May 2 is the traditional Church Holiday of Borisovden - everyone having the name of Boris and all the derivatives: Borislav, Borislava, Boryana celebrate their name day.
That day was originally celebrated in commemoration of one of the greatest Bulgarian rulers - Knjaz Boris I-Mikhail, canonized as a saint by the Bulgarian Orthodox Church, and May 2nd commemorates the day of his death. Knjaz Boris I-Mikhail was a remarkable ruler and the converter of the Bulgarian nation to Christianity. During his 37-year-reign (from 852 up to 889 A.D.) he managed to undertake considerable changes in political and spiritual life, leaving a significant cultural and historic impact.
The very powerful-then Bulgaria, being still a pagan state run by Khans, was not respected by the rest of the Christian Europe, which considered it as being unequal to their culture and manners. In 864, Khan Boris converted himself, accepting the new name of Boris I -Mikhail (which was the name of the then Byzantine Emperor, who served as his godfather) and the European title of Knjaz, and converted his whole nation to Christianity, which was declared the official religion of the state of Bulgaria, and all pagan beliefs and rituals were severely persecuted, even if performed by people closest to the Knjaz.
Knjaz Boris I-Mikhail built numerous churches and monasteries and fought for a Christian Church independent from Byzantine. One of the most essential results of his cultural policy is the introduction of the old Bulgarian language and writing in the church services and in political life, and also the creation of the first Bulgarian literacy and educational centers. He gave a wholehearted reception in the capital city of Pliska to Cyril and Methodius's disciples Kliment (Clement), Naum and Angelarius, and created favorable conditions for popularizing the Bulgarian language in literary and religious activities.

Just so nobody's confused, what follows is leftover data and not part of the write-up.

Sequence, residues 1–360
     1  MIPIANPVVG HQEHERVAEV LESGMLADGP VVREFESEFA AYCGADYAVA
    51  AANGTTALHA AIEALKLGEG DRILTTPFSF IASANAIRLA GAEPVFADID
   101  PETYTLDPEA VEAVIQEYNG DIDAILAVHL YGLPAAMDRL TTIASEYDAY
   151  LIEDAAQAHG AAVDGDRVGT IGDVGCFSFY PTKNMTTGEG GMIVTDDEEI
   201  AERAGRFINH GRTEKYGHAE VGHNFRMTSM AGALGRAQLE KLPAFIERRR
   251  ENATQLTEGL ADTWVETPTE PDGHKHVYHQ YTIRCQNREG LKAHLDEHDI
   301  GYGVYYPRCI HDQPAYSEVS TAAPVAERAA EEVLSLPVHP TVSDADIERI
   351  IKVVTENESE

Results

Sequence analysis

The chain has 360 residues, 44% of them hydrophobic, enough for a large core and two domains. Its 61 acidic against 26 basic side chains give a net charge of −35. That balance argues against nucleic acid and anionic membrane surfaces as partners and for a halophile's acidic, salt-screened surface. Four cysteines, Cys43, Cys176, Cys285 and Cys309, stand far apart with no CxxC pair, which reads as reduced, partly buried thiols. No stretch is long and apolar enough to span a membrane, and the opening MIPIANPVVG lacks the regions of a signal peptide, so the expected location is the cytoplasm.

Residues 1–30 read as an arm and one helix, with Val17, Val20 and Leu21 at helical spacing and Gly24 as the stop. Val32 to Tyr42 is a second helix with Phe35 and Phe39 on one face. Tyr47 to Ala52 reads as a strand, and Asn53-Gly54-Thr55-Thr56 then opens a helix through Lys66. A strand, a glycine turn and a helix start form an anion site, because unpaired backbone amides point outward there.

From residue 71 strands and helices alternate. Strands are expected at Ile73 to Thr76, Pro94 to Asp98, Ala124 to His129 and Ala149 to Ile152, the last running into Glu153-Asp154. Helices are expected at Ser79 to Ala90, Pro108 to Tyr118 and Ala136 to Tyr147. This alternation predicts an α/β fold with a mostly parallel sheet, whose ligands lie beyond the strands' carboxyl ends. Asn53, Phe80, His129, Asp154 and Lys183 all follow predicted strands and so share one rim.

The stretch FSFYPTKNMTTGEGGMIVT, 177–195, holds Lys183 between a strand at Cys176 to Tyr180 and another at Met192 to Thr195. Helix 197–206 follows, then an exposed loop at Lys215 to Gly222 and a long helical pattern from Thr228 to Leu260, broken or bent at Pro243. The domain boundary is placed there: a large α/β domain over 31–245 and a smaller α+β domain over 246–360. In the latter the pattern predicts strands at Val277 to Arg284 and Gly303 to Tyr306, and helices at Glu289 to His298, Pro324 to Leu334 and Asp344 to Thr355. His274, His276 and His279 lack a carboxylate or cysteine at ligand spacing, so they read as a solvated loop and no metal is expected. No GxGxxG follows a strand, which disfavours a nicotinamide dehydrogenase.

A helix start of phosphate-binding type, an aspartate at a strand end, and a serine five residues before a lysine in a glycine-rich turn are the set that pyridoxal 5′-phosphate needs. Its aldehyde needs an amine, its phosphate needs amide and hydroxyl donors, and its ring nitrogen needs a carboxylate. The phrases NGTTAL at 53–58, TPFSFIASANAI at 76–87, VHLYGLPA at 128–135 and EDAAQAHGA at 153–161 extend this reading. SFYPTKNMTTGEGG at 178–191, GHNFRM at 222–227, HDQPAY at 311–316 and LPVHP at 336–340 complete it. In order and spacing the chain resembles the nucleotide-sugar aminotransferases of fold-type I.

In 889 he voluntarily left his throne to retire in the monastery near the large basilica of Pliska. He broke his retirement twice - first to crush the uprising of the paganism supporters led by his own son Vladimir Rassate (whom he blinded and sent to a dungeon), and the second time - to lead his army against the Madzhars that had entered Bulgarian territories. Knjaz Boris I-Mikhail died on May 2, 907. His son, Tsar Simeon the Great (893-927), is considered to be the true successor of his wise policy.
Info: Bulgarian Rulers (Bulgaria.com)